Soil and Sky; Love and Joy

There are those who try to hijack Paganism in the name of their bigotry and their hatred: who crow “blood and soil!” as if that means something. As if it is anything more than an adolescent boy’s angry braying.

Like most big lies, the “blood and soil” of neo-Nazis–some of whom describe themselves as “folkish” Pagans or heathens– contains a tiny kernel of truth buried in its pile of garbage. Because there is nothing wrong with a sense of allegiance to land and to family.

The problem is in how right-wing haters narrowly define land and family: they value only this land where “we” came from…and “our people” is only people of our ethnicity.

It’s nonsense, of course. And it reveals a many-layered onion of insecurity, resentment, rage, ignorance, projection and failure to grow.

You can tell by the emotional tone of a religious path whether it is worthy or not. The rage, repression, humorlessness and hatred of fundamentalist Abrahamic religions and “folkish” Paganism alike are clear indicators that they are not paths to joy, liberation, or right living. Our Atheopagan Principle #5–Perspective–makes it clear that for us, a sense of humor is not peripheral: it is essential, so we can keep a humble perspective about ourselves and our journeys.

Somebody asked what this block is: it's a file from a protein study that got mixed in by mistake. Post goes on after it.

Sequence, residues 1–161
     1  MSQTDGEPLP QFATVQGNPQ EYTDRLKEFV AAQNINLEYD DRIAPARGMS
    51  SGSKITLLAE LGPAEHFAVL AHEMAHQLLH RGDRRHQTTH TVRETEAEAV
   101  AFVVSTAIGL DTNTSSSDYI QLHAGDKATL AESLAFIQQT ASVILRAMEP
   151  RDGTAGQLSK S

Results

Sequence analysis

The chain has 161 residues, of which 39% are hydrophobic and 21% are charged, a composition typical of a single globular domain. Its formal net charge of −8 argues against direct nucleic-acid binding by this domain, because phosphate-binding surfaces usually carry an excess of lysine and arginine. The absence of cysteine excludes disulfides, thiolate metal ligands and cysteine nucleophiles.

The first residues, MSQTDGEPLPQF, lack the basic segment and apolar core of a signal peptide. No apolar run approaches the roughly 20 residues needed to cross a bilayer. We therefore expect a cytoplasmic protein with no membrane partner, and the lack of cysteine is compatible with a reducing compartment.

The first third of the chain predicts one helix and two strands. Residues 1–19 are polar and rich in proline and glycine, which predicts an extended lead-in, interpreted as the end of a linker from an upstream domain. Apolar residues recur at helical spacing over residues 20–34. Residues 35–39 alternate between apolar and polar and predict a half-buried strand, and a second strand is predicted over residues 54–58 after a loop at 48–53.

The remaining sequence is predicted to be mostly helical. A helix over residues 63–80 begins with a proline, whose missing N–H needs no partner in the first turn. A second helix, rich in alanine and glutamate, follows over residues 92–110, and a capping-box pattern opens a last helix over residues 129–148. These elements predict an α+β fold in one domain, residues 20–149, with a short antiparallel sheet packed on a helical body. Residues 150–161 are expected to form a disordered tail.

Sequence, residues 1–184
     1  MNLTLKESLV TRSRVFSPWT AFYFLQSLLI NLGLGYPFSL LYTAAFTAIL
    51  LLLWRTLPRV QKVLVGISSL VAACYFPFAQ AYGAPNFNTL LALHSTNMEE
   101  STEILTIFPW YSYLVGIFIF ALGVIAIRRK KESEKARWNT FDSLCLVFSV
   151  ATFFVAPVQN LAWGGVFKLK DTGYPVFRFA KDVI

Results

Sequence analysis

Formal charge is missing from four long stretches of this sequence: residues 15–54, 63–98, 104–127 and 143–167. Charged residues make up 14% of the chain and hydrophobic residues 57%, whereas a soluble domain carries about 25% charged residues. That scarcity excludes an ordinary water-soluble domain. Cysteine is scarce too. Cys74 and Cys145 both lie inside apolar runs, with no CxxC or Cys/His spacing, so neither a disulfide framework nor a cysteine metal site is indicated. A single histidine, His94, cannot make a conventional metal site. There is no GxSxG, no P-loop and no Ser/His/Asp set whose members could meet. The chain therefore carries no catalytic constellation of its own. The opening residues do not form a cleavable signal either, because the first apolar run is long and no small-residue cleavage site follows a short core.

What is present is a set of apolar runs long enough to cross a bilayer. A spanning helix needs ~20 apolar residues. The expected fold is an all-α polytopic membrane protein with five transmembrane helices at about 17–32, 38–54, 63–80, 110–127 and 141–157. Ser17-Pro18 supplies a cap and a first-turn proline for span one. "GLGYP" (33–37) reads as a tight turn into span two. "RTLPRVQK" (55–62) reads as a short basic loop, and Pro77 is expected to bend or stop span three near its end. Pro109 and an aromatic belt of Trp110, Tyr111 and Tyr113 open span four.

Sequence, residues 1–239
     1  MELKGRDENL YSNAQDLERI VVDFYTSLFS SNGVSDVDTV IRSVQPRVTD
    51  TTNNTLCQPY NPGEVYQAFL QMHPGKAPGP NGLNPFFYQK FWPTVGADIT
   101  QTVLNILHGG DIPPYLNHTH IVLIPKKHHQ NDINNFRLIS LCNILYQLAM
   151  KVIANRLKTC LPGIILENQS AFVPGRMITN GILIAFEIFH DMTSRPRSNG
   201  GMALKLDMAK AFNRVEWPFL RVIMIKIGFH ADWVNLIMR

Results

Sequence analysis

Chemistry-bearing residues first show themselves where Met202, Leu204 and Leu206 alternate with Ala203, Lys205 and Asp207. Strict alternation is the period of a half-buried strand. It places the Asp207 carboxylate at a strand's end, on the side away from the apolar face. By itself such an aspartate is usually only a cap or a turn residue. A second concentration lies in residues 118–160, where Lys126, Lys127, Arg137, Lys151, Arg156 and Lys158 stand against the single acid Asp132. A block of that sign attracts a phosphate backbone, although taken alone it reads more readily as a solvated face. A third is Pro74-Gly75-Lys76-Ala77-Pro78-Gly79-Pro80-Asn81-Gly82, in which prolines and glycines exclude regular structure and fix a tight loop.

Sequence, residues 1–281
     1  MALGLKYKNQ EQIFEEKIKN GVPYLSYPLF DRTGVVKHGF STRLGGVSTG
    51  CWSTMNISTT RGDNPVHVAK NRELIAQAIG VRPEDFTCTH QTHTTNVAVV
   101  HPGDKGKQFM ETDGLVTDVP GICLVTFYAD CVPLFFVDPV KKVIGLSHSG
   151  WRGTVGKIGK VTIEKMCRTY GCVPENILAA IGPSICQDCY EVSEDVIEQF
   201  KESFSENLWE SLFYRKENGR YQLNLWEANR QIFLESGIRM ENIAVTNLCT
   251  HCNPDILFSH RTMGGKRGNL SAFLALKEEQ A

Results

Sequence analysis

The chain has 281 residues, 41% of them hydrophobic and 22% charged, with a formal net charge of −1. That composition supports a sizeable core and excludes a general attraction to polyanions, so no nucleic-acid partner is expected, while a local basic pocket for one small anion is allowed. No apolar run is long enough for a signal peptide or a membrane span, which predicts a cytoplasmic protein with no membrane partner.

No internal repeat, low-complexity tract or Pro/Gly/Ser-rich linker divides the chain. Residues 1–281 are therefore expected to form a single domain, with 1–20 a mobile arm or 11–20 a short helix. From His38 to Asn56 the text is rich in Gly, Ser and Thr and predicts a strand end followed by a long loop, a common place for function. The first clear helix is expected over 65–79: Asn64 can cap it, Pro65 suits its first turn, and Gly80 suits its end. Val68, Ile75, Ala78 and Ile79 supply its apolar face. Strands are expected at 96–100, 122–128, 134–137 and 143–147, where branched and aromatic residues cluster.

To us, the soil and sky that are the birthright of every creature on Earth are not grounds for excluding and defensiveness and hatred. No; they are the inspiration for never-ending joy and love, for wonder and amazement.

And we welcome all who would share this awe, this kindness, this generosity.

The philosopher Karl Popper demonstrated in the 1950s that the one thing a tolerant culture cannot and must not tolerate is intolerance, for if it does, intolerance will eventually become its norm. So we should be vigilant, in the Pagan community, not to countenance bigotry and hatred in the name of pluralism: it is the antithesis of pluralism.

Atheopaganism is no different, and we have to be vigilant in protecting our kind, warm community from hatred. When people apply to join the Facebook group, for example, we not only consider their answers to the application questions, we look at their profiles. If we find signs of fascism or bigotry or insensitivity to the experience of the oppressed, we’ll take a pass. Our events have clear and explicit written nondiscrimination and anti-harassment policies that every attendee must endorse.

I contend that the Pagan community at large should be doing the same. Conferences should (and many are, I should be clear) exclude participation by such “folkish” bigoted applicants. If they can’t agree to adopt some basic decent values, we are under no obligation to let them play in our spaces.